I was working all day in Ward 65, in the City of Madison. When we finally finished remaking ballots and tallying votes, Hillary Clinton and Russ Feingold easily had more than 90% of the vote. We had one vote for Jill Stein, out of about 2700 cast.
Then the poll workers started checking their phones. Russ Feingold had already conceded, and by the time I drove home at 11:00 pm, NPR was projecting Iowa for Trump, giving him 244 electoral votes of the 270 needed for election. This was without Pennsylvania, Michigan, and Wisconsin, all too close to call.
So Trump will be President. That is very hard to take. Here are my other reactions.
1. Climate change, climate change, climate change. There won’t be a livable world left if the US doesn’t take the lead in reducing/eliminating carbon emissions. And we won’t do a damn thing under Trump and an enabling Republican congress.
2. Related to this: scientific research. Someone who rejects all the science on climate change just might not be interested in investments in scientific research. And that also clouds the future of the country.
3. What will happen to immigrants and children of immigrants? My son spent hours this morning on Facebook with his friends who are now feeling that this country never wanted them here. My son’s friends are in their early twenties and incredibly talented, educated, productive human beings: the very people this country needs to develop its future. A law professor friend, well-established in her field, is wondering whether she should return to the country her parents fled years ago, where she may find herself more welcome.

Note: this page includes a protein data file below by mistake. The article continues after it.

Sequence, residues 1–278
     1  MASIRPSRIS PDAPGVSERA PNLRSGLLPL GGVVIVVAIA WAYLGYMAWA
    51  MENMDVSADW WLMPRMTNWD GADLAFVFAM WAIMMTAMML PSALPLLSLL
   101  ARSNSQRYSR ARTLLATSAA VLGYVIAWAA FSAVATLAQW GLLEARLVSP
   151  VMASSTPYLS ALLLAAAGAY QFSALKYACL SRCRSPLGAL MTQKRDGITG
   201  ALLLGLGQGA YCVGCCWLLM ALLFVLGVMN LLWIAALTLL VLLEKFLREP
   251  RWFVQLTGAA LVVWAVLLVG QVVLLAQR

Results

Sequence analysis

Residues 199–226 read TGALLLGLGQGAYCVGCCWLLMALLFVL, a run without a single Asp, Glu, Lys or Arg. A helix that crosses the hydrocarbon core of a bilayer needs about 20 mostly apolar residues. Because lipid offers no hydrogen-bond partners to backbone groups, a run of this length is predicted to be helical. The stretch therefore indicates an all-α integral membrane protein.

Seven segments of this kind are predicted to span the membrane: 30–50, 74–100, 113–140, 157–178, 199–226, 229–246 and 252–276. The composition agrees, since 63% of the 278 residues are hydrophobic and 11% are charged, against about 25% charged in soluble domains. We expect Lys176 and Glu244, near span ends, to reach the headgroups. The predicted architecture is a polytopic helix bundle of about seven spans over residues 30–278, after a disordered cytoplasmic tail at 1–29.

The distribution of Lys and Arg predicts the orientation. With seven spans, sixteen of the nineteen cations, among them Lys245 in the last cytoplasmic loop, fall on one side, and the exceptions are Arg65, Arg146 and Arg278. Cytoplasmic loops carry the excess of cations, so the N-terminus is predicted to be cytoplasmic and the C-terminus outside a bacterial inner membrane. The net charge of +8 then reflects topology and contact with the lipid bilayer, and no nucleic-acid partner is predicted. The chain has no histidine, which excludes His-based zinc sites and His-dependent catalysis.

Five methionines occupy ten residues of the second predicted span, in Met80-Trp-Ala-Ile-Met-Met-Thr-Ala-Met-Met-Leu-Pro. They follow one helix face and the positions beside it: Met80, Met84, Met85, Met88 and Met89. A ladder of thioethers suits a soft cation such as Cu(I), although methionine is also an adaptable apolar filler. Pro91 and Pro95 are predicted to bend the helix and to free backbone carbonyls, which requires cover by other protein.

This country is founded on immigrants, renews itself with immigrants, gives succor to immigrants and refugees, and maintains ties with other countries through the families of immigrants. But a Trump presidency could change all that by removing all these wonderful people from this country, and removing their hope, their aspirations, and their vigor from this country.
4. The enabling of the white supremacists is frightening to the core. Trump claims he is not one of them, but he has done nothing to shut them down. The future of the movement is now,
5. The combination of immigration “initiatives” and white supremacy, I fear, will lead to renewed and reinvigorated suppression of minorities in this country. I want to know what was the impact of voter suppression on the results in Wisconsin, Michigan, Pennsylvania, North Carolina, Florida, Ohio, and other states? When those in power don’t respect the right to vote, many citizens may just give up, and that is suppression.
6. One of the saddest things about this election is that Trump claimed to be “taking back” the country for a specific group of people — the working class. He said “we” will take back country, inserting himself into that slice of the population. But the United States is not just the working class, or the middle class, nor is it one race or another. It is a unique melding of ALL races, ALL classes, ALL ethnic groups, immigrants AND people with family histories reaching to the Revolution, small town AND urban dwellers, educated AND uneducated — or at least that’s how I grew up thinking about this country.
The United States, and the people of the United States, are a sum of our parts. We have lost that sense of unity, and I don’t know if we can ever get it back.